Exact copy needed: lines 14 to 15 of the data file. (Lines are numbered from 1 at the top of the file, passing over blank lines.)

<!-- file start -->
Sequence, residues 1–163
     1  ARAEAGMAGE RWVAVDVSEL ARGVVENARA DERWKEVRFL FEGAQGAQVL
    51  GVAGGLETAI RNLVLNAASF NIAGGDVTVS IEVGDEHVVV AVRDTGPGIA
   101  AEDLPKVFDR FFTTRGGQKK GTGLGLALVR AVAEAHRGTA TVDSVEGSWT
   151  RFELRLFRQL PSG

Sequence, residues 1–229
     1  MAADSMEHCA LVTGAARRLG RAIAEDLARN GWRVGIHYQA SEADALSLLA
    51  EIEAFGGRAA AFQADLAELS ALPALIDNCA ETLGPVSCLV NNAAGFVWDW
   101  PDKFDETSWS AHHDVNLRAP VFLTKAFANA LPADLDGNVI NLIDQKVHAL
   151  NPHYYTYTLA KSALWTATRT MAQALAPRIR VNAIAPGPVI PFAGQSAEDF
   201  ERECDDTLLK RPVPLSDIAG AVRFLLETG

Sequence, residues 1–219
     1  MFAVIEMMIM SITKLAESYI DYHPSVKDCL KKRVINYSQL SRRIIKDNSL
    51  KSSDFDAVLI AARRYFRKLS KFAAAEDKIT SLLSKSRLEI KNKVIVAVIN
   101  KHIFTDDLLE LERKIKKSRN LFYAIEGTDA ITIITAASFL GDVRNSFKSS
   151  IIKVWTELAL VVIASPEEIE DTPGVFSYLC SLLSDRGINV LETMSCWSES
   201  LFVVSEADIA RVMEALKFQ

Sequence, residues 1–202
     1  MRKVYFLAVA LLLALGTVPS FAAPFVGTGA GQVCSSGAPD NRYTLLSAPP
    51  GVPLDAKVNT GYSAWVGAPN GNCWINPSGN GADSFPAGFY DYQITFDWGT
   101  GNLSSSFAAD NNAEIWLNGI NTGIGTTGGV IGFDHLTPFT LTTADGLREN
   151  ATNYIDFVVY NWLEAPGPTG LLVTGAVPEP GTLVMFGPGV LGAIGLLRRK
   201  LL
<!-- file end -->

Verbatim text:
    51  KSSDFDAVLI AARRYFRKLS KFAAAEDKIT SLLSKSRLEI KNKVIVAVIN
   101  KHIFTDDLLE LERKIKKSRN LFYAIEGTDA ITIITAASFL GDVRNSFKSS